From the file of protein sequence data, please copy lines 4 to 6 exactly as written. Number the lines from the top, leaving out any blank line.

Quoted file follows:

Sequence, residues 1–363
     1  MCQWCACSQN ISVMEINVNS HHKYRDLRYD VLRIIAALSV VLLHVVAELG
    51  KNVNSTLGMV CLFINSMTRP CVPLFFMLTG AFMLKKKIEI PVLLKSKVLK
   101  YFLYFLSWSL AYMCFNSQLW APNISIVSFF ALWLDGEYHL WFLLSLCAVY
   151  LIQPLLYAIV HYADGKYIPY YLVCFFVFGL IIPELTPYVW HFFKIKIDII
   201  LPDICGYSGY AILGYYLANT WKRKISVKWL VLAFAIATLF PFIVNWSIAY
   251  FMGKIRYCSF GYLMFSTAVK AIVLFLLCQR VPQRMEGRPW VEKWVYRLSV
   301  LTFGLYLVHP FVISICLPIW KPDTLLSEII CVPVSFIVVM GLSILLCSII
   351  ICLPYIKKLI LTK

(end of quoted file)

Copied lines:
   101  YFLYFLSWSL AYMCFNSQLW APNISIVSFF ALWLDGEYHL WFLLSLCAVY
   151  LIQPLLYAIV HYADGKYIPY YLVCFFVFGL IIPELTPYVW HFFKIKIDII
   201  LPDICGYSGY AILGYYLANT WKRKISVKWL VLAFAIATLF PFIVNWSIAY